When engineers are designing a structure, they always build it to exceed its normal conditions by three to four times. In empirical studies, researchers have found that trees will also build its structure to exceed normal conditions by a factor of four and a half times that of normal conditions.

This of course, is affected by many factors including; the condition of the wood within the tree structure, the strength of the force applied, and the species of tree. Often it is the difference between normal conditions and abnormal conditions that represents the risk factor.

4 types of failure in trees

Root failure

Under force, the tree root system will experience two opposite and opposing forces. One side of the root plate will work like guy cables while the other side will be working like support beams – both working to keep the tree from failing.

When the root system does fail to support the tree, it will happen because the soil itself is unable to hold the tree. This is usually due to wet soil that works to lubricate the roots system or in cases where the roots have been physically damaged by disease or during human activity above.

Trunk failure

Trunk failure can occur when the force acting upon the tree, exceeds the strength of the tree trunk. The tree is most often weakened by physical or biological damage to trunk beforehand, or throughout its life.

The amount of damage (loss of wood) that can occur before the tree has the potential to fail is staggering. In the same way that a solid bar has the same strength as a hollow bar that is made of the same material, so long as it has a shell wall thickness of thirty three percent or more of the diameter.

This same principle is true in trees, but the percentage is a matter of debate in our community – mostly due to other factors of consideration including the often uneven distribution of the shell wall.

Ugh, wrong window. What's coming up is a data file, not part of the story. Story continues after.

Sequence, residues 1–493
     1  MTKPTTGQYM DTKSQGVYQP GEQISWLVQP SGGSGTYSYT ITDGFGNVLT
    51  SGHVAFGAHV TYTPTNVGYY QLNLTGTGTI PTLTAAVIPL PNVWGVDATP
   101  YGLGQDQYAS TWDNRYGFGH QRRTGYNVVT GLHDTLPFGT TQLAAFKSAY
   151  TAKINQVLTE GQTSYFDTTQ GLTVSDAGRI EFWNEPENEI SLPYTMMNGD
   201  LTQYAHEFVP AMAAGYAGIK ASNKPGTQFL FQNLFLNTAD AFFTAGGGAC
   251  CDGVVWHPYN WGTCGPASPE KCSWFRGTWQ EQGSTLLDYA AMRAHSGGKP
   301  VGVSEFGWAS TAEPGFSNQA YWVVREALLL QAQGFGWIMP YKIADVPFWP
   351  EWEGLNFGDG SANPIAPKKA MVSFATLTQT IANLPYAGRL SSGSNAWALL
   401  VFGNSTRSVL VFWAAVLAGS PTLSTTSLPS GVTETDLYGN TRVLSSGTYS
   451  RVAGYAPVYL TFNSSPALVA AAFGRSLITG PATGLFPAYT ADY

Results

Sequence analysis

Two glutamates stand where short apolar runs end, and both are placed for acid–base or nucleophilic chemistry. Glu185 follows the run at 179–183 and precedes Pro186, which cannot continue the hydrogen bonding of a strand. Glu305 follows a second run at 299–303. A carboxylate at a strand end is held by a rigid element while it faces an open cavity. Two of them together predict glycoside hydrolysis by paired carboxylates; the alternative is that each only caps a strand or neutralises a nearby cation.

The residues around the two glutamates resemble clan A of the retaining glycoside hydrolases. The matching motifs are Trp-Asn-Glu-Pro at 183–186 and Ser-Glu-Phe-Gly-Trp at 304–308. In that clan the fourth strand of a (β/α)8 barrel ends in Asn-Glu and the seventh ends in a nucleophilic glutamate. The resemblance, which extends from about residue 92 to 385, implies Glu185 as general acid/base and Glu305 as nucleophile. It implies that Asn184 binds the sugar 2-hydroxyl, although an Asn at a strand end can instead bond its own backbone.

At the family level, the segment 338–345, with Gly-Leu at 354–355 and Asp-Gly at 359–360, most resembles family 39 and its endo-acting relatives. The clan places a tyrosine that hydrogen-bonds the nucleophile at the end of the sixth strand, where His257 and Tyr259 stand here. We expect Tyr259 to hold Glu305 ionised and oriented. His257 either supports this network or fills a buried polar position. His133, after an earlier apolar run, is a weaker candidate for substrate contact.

Branch failure

The most common reasons for branch failure is an overly extended branch receiving more than its own weight in snow, ice or wind. This can also occur when a branch has a poor attachment to the trunk.

branchunionThe ideal branch attachment is has an angle around forty-five degrees and are forty to fifty percent the size of the trunk.

The negative shape in-between the trunk and the branch, can be very helpful to determine the quality of the attachment.

A branch that is strong and well secured to the trunk will have a “U” shape, whereas a poorly attached branch will look more like a “V”. The tighter the “V” shape, the more critical that branch can become – as this creates what is called Included Bark.

When looking at the tree as a whole, I am often amazed with their ability to support their own massive weight despite the seasonal winds and snow that greatly increase the forces trying to pull them down to the earth.

They have earned my respect and admiration, and we should do everything in our limited power to maintain what old trees we have. This being said, I will quote both a book and a movie; “On a long enough timeline, the survival rate for everyone drops to zero.”

Consult a Certified Arborist

In a sense, there are no 100% safe trees in existence. This is why this information is vital to living with our beautiful native trees, as it is important that we are able to judge the probability of any given tree failing.

Furthermore, it is always important to have an ISA certified Arborist give a proper assessment before making any decisions, and to have a skilled and experienced crew perform appropriate safety and preventative maintenance before any part of a tree becomes unsafe.

The majority of the tree mechanic information is taken from the “Tree Risk Assessment In Urban Areas And The Urban/Rural Interface” Manual written by Julian Dunster and published in 2009.